Ballots were mailed on Tuesday, June 20, 2017.  Each member will receive voting instructions and credentials required for voting.  Voting will close on Monday, July 10, and will be counted the same day. 

  • The ‘Let’s Get America Working!’ campaign seeks to restore a dynamic and prosperous middle class to drive economic growth by helping to advance policy decisions that create and maintain good middle-income jobs, guarantee retirement security, expand access to the American Dream, and ensure that the benefits of the ongoing economic recovery are felt by the many, not just the few.

  • We Are eXPOsing XPO’s Global Greed

    XPO Logistics is a top ten global logistics and transportation company with annual revenue of $15 billion and 89,000 employees, another 10,000 workers classified as independent contractors, and thousands more working for firms that subcontract with XPO. We are the REAL workers at XPO Logistics worldwide exposing the truth about the company’s global greed, illegal wage theft, unsafe conditions, and abhorrent and vicious anti-worker, anti-union tactics. 

    This greed includes mistreating former Con-way Freight workers in the United States who are being kept in the dark about terminal closures and layoffs, and the company’s illegal refusal to bargain contracts and denying their workers’ federally protected right to organize. It also includes port, rail and last-mile drivers around the country and in Southern California fighting wage theft in excess of $200 million because they are misclassified as independent contractors and denied the right to form their union. This greed has caused numerous lawsuits and strikes.  Greed also means an unsafe workplace and mistreating its warehouse employees.

    XPO’s greed extends to Europe beginning with breaking its promise to not layoff any workers for at least 18 months. French workers and the unions have been fighting back against XPO’s disrespect, lies and attempts to slash jobs. Similar struggles are taking place in Great Britain, Spain, Belgium, the Netherlands, and across Europe.

    Join the worldwide struggle now! Get involved with this campaign by joining the Facebook group “XPO Exposed.”

    Together, we can eXPOse the company’s global greed and win fairness, respect and dignity for tens of thousands of XPO employees around the world!

  • This webpage provides information on the Teamsters Union’s legislative advocacy at both the federal and state level as well as our field activity to support those policy positions and to get strong labor candidates elected to office.  Among other resources, you will find our federal legislative scorecard, formal statements of policy position and communications to Capitol Hill,  a weekly update on federal legislative happenings, an overview of bills we are tracking at the state level, and quick links to take action on priority issues.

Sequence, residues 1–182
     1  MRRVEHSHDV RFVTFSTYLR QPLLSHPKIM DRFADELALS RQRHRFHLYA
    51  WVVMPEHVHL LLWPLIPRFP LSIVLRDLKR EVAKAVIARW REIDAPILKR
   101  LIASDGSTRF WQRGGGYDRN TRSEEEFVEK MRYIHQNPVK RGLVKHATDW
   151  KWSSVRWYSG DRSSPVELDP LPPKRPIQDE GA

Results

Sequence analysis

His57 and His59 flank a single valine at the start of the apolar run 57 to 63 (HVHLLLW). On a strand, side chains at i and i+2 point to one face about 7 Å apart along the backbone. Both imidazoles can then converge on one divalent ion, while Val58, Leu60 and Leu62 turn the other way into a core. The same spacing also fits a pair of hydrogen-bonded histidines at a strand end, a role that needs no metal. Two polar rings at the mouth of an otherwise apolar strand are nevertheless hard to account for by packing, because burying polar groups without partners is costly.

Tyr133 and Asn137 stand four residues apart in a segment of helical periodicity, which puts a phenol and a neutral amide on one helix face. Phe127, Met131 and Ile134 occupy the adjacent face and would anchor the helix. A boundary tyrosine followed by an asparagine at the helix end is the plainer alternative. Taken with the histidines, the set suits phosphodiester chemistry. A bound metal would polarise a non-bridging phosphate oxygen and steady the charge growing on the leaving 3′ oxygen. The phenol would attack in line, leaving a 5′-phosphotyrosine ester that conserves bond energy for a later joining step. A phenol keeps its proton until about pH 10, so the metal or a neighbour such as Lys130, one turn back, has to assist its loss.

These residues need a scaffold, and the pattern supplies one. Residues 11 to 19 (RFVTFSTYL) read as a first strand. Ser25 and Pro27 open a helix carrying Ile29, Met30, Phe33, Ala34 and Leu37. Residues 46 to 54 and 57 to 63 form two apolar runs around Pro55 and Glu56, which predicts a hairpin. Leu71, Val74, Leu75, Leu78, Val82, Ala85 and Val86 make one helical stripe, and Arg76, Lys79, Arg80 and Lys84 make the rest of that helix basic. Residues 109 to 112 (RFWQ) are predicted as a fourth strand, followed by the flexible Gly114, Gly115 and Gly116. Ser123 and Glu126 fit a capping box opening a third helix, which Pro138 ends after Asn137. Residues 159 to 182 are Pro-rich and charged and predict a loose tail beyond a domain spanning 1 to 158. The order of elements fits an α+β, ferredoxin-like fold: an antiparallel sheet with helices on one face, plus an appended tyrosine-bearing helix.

• Negotiations for the National Master Automobile Transporters Agreement (NMATA) recently concluded and a tentative agreement has been reached. On Thursday, Feb. 16, 2017 representatives from carhaul local unions met in Detroit to endorse the National Agreement and the Central-Southern Supplement, paving the way for members to vote. The Eastern and Western Supplements were approved in 2016, and will not be re-voted. However, all carhaul members will get to exercise their right to vote on the National Agreement and General Monetary Changes.

    Ballots will be mailed out on or about March 10 and are tentatively scheduled to be counted on March 30.

    The tentative agreement is from September 1, 2015, until May 31, 2021.

  • Workers’ pensions are being endangered by both Congress and those charged with overseeing them. The Teamsters and our members are standing united to say “No!” to cuts and “Yes!” to greater retirement security!

  • On Wednesday, April 5, 2017, the International Brotherhood of Teamsters and Southwest Airlines reached an agreement covering more than 300 material specialists. Details of the agreement are available on this webpage, along with materials explaining the components of this contract.

    Ballots will be mailed on or about Wednesday, May 31, 2017. Each member will receive voting instructions and credentials required for voting via mail, along with paper copies of the tentative agreement’s highlights, the tentative agreement, and a copy of the seniority list. Voting will close on June 21, ballots will begin to be counted the same day.  Please continue to check this page for more information, it will be posted as soon as it becomes available.

  • The Teamsters Union represents more than 250,000 members at UPS and UPS Freight. UPS remains an active member of the American Legislative Exchange Council (ALEC) despite the organization’s anti-worker and anti-union agenda that seeks to undermine and weaken worker protections.

  • This web page provides information on our fight against fast-track legislation. The measure requires Congress to take only a quick up-or-down vote on secret trade deals like the Trans-Pacific Partnership and does not allow such agreements to be amended. It limits Congress’ constitutionally mandated oversight of such trade deals and lets others decide what’s best for America. The result is fewer good-paying U.S. jobs and unsafe food and products for Americans. Read more to find out why fast track is the wrong track for Teamsters and America.

  • Workers across the country at FedEx Freight and Con-way Freight are standing shoulder to shoulder to form their unions with the Teamsters to win a more secure future. Momentum is building with a first wave of victories with many more to come.

    There is growing worker resentment toward the companies after years of being treated unfairly. While the companies have suddenly made improvements since workers began to organize, workers know that without a legally binding contract the company can take these things away at any time.

    The unfulfilled promises that have been made to drivers and dockworkers over the past decade are coming back to haunt management.

    But now workers are taking action and standing up for themselves by forming their union. It's a different era now. It's Teamster Time! LIKE our Facebook page, here.